On March 11, 2013, we entered into a Joint Venture Agreement, or JV Agreement, with Maxit Technology Incorporated, a company incorporated under the laws of the British Virgin Islands, or Maxit, and Synacor China, Ltd., a company incorporated under the laws of the Cayman Islands, or the JV Company, pursuant to which Synacor and Maxit will each initially own 50% of the JV Company. Subject to the completion of customary regulatory requirements, the JV Company will, through a wholly foreign-owned subsidiary, or WFOE, in the People's Republic of China, or the PRC, supply authentication and aggregation solutions for the delivery of online content and services to customers in the PRC.
Our Strategy
We intend to:
add new customers, and expand on our offerings with current customers, to increase our consumer reach;
continue to expand our offerings of, and invest in, cloud-based services such as e-mail and TV Everywhere and increase the number of customers using our TV Everywhere authentication technology;
enhance our direct advertising sales effort to increase the CPMs derived from advertising;
extend the availability of our existing and new products and services to additional devices including tablets and smartphones;
expand our presence into international markets; and
invest in and acquire new technologies and products.

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Services and Products
We provide a proprietary technology solution that enables our customers to drive consumer engagement and generate new revenue streams through an array of online content and services such as video, search, advertising and value added services. Our customers use our technology to develop personalized startpages that serve as their consumers’ respective online hubs for communication services, entertainment offerings and support services.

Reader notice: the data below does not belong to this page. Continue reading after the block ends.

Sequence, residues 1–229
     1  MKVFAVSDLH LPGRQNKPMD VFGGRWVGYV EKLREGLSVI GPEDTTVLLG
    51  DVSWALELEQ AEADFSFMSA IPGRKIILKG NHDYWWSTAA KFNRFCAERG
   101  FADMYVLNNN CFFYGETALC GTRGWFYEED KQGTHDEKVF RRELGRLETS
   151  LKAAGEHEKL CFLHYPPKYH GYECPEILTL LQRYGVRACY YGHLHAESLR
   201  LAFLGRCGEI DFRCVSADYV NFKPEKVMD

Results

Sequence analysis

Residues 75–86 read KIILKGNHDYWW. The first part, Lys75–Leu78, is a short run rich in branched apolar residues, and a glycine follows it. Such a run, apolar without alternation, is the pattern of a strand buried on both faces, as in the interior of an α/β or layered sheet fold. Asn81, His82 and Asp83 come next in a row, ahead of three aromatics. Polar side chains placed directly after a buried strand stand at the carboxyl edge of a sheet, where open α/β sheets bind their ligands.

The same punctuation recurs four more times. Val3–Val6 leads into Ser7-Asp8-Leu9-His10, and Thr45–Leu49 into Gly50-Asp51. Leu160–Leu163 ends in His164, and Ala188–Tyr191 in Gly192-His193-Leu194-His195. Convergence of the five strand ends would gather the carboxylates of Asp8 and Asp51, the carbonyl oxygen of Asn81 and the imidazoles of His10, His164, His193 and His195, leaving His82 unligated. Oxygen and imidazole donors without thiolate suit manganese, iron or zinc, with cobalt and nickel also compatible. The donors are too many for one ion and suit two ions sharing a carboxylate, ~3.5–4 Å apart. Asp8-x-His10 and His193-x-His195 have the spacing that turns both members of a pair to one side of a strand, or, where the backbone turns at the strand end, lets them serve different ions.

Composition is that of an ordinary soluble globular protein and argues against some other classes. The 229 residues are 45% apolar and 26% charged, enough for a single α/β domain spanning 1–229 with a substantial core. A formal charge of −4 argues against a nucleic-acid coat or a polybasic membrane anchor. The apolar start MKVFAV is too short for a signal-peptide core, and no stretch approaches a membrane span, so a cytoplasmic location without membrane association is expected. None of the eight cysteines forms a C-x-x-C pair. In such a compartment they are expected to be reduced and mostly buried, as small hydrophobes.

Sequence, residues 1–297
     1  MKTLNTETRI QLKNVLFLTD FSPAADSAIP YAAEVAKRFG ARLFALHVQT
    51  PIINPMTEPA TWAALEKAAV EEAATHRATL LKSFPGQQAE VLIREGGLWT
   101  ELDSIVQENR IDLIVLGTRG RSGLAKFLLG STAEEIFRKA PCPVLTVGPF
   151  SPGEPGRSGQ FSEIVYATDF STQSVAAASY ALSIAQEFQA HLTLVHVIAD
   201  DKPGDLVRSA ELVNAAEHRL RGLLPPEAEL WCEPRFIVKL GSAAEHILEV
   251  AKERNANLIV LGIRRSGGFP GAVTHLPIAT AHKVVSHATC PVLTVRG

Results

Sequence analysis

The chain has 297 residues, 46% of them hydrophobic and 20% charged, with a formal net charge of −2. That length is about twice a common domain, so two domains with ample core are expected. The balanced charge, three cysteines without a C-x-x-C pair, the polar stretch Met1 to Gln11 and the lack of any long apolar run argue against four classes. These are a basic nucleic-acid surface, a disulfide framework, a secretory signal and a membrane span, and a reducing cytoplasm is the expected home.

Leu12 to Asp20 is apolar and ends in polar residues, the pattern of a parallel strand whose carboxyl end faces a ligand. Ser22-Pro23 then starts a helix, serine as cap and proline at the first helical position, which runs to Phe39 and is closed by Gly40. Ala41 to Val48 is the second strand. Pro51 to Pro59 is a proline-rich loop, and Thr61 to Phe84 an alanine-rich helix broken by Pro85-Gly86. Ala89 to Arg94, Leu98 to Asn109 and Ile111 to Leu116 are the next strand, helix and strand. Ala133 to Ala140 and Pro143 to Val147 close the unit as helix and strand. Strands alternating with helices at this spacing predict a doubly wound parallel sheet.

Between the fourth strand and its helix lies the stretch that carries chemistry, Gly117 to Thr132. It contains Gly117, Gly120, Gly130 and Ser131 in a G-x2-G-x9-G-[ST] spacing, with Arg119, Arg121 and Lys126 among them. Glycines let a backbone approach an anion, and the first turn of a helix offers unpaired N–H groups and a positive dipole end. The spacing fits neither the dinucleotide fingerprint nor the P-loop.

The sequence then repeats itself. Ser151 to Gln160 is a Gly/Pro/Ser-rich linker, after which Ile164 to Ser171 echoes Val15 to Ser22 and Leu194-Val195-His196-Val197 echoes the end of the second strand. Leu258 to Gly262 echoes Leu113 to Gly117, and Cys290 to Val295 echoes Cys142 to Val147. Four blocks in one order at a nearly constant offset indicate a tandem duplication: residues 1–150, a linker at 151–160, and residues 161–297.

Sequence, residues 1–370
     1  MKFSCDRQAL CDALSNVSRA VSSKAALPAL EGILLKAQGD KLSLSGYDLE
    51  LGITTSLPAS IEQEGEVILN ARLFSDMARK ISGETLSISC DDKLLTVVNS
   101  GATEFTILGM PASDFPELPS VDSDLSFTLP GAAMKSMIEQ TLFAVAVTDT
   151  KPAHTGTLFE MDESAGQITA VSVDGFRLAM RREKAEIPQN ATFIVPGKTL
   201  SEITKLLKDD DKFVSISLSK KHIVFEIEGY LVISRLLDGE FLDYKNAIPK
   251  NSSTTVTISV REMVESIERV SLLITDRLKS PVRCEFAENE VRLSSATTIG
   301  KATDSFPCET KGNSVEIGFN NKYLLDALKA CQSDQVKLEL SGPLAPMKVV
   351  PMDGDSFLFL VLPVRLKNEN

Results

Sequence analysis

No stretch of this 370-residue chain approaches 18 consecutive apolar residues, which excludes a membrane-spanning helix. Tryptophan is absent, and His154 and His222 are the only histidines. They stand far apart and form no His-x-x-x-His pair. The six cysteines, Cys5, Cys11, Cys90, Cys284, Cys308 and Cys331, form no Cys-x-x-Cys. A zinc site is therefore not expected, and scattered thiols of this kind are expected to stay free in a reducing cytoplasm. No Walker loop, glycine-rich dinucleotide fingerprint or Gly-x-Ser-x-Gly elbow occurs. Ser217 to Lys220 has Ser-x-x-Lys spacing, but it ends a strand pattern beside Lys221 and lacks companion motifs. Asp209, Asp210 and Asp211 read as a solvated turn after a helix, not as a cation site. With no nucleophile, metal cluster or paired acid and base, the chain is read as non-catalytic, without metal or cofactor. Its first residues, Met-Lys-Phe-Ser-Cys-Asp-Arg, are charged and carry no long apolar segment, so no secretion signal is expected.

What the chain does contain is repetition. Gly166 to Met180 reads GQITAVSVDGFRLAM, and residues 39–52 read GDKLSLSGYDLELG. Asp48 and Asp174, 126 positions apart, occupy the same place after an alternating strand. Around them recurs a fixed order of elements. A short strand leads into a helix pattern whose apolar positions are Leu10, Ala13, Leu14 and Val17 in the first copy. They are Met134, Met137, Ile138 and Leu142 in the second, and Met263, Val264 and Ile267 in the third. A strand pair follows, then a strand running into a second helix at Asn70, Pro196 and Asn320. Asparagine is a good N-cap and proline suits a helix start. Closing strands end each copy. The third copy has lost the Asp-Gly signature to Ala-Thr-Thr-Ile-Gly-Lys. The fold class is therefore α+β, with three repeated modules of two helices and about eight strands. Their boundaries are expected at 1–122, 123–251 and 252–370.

Our startpages enable our customers to combine entertainment, such as television shows, multi-player games and streaming music based on a subscriber’s access rights and preferences with communications offerings such as voicemail, e-mail, and third party messaging services like Yahoo Mail, Google Gmail, MSN Hotmail, Facebook, and Twitter. Our technology further allows our customers to deliver appropriate account tools, support, bill pay services and sell promotions to their consumers, all without leaving the applicable customer’s startpage.
We generate revenue from consumer traffic on our startpages through search and display advertising revenue, which we collect from our search partner, Google, our advertising network providers and directly from advertisers. We typically share a portion of this search and display advertising revenue with our customers. We also generate recurring revenues in the form of subscriber-based fees for the use of our technology, value added services and paid content, which we collect from our customers.